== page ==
Thursday, February 28, 2013

Proyecto Asis, Javillos Costa Rica

You guys.
I'm going to have to start 2x/day blogging.
Is that wayyyy too intense?!?  
I am getting so behind.  
The last 3 days have been completely out of control with new experiences and fun times.
But because I am so elated about today's events...
I'm skipping some posts I had in the que to share these photos.
And there were WAY too many photos to post them all here, so check facebook for the entire album.
Since of course, you are as excited about me getting my hair pulled as I am :)
Today we went to Proyecto Asis, a wildlife conservation center in Javillos, Costa Rica.  
We took the bus via Chachagua at 7:15 from La Fortuna.  Just tell the bus driver that you want to go to "Javillos/Proyecto Asis" and he will (hopefully) let you know when it's time to hop off!  The tour begins at 8:30am, so that worked out perfectly for us! 

(FYI:  Some of my readers are confused why I include details like this... I am writing things of this nature so that people who google search "Proyecto Asis" will have a resource and kind of know what to expect.  I've said it before and I'll say it again, the blog is mostly for MY readers, but I also want to help fellow travelers!)

The conservation center cares for animals that are orphaned, injured or need care for whatever reason.  Their primary goal is to rehabilitate and set them free again, but depending on the species and the situation, it is not always possible.  It felt very different from a zoo, and wayyyy cooler!
 Look at that eye!  Ah!

We did the "tour" portion in the morning and then paid to "volunteer" directly after that.  We are so thrilled that our volunteer portion was to feed the animals instead of clean their cages... :)  Lucky break!

This is a peccary.  They have 3 at Proyecto Asis-- 2 wild ones who are muy peligroso (very dangerous) and destroy everything: lions, trees, snakes, alligators, birds, even other peccaries who aren't in their family.  They travel in families of 45 and if you find a herd deep in the jungle, they will kill you.  They can run way faster than humans, so your best bet is to climb a tree.  But since you're deep in the jungle nobody will come for you, and you'll eventually have to get down, at which point the entire family will eat you as a feast.  They are very similar to wild boars.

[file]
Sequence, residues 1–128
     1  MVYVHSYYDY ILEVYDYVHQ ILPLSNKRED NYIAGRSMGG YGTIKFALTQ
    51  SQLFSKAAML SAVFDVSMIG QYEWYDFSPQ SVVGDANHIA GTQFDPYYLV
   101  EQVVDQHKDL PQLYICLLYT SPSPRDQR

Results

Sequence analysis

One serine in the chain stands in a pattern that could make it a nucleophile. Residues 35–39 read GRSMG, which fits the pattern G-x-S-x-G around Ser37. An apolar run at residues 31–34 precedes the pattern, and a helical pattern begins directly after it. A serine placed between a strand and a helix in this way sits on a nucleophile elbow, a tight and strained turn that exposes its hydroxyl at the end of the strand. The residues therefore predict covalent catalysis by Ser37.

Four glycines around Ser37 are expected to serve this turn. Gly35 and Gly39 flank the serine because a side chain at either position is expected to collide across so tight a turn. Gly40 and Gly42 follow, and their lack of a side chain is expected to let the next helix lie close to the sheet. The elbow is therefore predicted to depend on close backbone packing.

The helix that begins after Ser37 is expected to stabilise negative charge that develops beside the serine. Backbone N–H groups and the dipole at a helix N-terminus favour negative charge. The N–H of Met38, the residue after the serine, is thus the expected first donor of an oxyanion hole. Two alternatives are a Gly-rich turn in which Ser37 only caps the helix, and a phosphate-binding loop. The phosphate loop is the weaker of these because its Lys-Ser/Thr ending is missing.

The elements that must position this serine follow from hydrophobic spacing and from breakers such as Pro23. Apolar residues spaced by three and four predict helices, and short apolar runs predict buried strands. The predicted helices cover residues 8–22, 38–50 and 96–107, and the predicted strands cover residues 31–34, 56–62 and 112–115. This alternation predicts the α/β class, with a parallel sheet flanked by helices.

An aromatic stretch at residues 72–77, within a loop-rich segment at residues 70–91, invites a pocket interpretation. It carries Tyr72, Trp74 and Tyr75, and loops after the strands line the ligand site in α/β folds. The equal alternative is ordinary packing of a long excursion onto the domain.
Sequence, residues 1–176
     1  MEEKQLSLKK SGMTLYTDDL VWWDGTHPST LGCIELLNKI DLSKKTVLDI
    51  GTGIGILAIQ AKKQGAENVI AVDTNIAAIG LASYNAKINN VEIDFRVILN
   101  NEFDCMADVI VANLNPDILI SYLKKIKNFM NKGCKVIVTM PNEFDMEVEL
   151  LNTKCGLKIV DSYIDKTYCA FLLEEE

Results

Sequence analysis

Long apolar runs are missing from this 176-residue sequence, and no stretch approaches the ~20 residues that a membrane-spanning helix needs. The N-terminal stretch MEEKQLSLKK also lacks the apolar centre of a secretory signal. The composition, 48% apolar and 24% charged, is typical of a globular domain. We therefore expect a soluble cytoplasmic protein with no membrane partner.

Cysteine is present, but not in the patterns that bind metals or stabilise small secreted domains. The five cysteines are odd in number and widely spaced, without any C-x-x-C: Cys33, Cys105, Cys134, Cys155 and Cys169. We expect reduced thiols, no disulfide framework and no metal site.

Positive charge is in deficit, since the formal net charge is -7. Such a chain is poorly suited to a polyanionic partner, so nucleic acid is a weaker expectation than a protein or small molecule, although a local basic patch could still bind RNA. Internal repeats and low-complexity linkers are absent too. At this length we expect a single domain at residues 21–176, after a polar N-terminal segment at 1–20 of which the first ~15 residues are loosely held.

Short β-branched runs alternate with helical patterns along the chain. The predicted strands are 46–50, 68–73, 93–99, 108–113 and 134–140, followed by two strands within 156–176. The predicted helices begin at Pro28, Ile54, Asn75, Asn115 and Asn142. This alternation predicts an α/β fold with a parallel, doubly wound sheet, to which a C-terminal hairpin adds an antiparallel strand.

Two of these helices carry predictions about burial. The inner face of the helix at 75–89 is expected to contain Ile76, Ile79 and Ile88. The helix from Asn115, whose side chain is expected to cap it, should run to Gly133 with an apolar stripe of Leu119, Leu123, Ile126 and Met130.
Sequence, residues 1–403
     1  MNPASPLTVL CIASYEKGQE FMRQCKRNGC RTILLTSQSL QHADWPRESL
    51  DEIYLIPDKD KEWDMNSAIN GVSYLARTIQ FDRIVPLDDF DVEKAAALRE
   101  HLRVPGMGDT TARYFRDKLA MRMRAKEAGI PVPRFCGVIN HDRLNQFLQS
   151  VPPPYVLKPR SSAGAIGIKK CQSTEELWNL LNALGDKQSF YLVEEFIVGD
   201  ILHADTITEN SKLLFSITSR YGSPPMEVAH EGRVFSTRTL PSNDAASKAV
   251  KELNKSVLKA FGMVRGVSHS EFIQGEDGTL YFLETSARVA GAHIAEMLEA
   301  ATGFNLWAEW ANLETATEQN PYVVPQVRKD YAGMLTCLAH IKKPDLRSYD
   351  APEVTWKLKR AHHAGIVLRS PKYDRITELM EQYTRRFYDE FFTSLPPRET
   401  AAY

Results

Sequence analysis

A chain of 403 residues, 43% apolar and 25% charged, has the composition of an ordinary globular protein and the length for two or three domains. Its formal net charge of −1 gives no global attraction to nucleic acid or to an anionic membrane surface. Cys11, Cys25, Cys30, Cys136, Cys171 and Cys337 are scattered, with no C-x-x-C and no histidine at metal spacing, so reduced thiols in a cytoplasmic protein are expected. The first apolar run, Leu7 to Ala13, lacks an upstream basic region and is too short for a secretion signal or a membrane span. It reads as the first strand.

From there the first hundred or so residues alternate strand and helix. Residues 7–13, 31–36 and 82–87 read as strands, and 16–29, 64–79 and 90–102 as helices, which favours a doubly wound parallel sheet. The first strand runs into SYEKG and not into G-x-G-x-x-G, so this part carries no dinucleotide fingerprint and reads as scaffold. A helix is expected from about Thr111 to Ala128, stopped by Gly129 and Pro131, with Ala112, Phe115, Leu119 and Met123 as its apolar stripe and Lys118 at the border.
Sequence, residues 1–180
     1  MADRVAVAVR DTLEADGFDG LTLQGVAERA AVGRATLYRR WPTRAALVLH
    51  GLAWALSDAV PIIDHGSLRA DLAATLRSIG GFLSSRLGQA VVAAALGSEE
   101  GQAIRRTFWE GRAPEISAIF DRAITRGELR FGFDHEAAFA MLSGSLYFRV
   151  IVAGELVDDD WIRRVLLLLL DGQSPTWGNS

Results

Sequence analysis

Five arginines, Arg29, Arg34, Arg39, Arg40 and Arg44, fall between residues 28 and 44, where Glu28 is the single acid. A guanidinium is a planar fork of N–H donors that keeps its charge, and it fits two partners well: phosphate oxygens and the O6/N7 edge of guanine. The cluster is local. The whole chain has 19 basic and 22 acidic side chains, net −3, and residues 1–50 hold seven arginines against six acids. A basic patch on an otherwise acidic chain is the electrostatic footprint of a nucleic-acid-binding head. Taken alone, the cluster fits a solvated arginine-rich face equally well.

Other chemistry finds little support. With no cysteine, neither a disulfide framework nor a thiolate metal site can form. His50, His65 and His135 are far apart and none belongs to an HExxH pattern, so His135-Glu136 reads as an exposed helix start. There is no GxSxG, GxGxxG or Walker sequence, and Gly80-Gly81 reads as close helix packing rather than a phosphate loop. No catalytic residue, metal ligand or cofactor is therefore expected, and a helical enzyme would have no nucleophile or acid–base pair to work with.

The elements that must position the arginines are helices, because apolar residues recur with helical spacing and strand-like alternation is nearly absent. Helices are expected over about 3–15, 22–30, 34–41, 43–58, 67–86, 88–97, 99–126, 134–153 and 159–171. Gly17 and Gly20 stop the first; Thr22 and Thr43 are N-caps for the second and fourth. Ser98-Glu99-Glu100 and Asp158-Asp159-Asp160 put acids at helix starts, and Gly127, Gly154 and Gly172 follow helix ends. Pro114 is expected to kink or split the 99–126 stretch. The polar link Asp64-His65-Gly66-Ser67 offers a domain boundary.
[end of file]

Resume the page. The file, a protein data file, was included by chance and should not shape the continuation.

They have this hump on their back with a spout to spray a VERY strong odor (which our guide touched, and made us smell...)
This is to mark their territory, much like a skunk.

This is a "Costa Rican Badger".  Very similar to a honey badger, but not the same.  He is in the ferrett family.  The guide kept telling us he cannot jump ("not yet, but soon!") but I SWEAR that this is so fast and full of energy, I am sure if he wanted to he could have jumped at us!
 Carlos was such a sweet guide.  He loves the animals and they love him.  
 The toucans bit me!  Scott let them bite his finger, so I wasn't about to walk away without the experience too!
 The baby spider monkeys are so soft and cuddly!  We are just glad we are up on our immunizations :)  More pics of these on facebook!
And, we actually let our child touch the boa constrictor.  Really?!?!  Scott kept encouraging Carlos to do it- they both say she will love the photos when she is older.  I hope so because that freaked me out!  (See Facebook for the pic with a boa around T's neck!)  Carlos held the head very tight as T was inspecting the snake.
 I love this photo soooo much!  Staring contest :)
 Oh the baby monkey!  I think this one was 3 months old.  So tiny, but they can sure bust open a banana fast!
 Ahh!  The monkey was very interested to see down Scott's shirt! Lol!  They were so funny and much like humans!
 Going into the macaw's cage was really neat.  They just bite into the watermelon and leave a beak-shaped bite out of it.  Too funny!
 And maybe my favorite photo of the day:
We got a 15 minute break after 2.5 hours and they gave us some juice to tide us over.  We ended up getting some rice and beans at a Soda down the street before our 1pm bus back to La Fortuna.

The day was quite expensive $28 for the tour and then some more to "volunteer."  To us, it was totally worth it.  Not only did we get to see new and different animals, but we got to hold them and feed them.  An experience of a lifetime for sure! Proyecto Asis offers Spanish lessons, home-stays and volunteer experiences for up to 2 weeks.  I think this would be a really neat way for a Spanish-loving animal guru to spend some of their summer vacation :)  Be prepared and come with long pants and/or mosquito repellant.  
Proyecto Asis is true jungle!!   


Cecile Laurence said...

Stefanie, this is so amazing! Thanks for letting us wannabes live vicariously through you and your awesome blog!


Chelsea said...

I LOVE EVERYTHING! Maybe you guys should get a pet monkey. In that picture where Scott is holding Tatum and you are holding a monkey, it looks like such a happy family!

Kimberly Moore said...

You KNOW I would read two-a-day posts! Go for it UNLESS blogging starts to take away valuable time exploring or experiencing something new! And I like the extra details in case we happen to make our way down there someday! :) great shots- looks like a fabulous day! And that hair pulling shot is priceless!!

Josh Scott said...

Love it guys! Now that you've done Baldi and Tabacon, all thats left are the Tico hotsprings behind the back wall of Tabacon. Once you pass Tabocon, you'll come to a bridge in the road. Go on a trail you'll see to the right of the bridge and follow it underneath. Not as fancy as Baldi or Tabacon, but these are free and where all the Tico families go. haha. Great blog! Keep it up!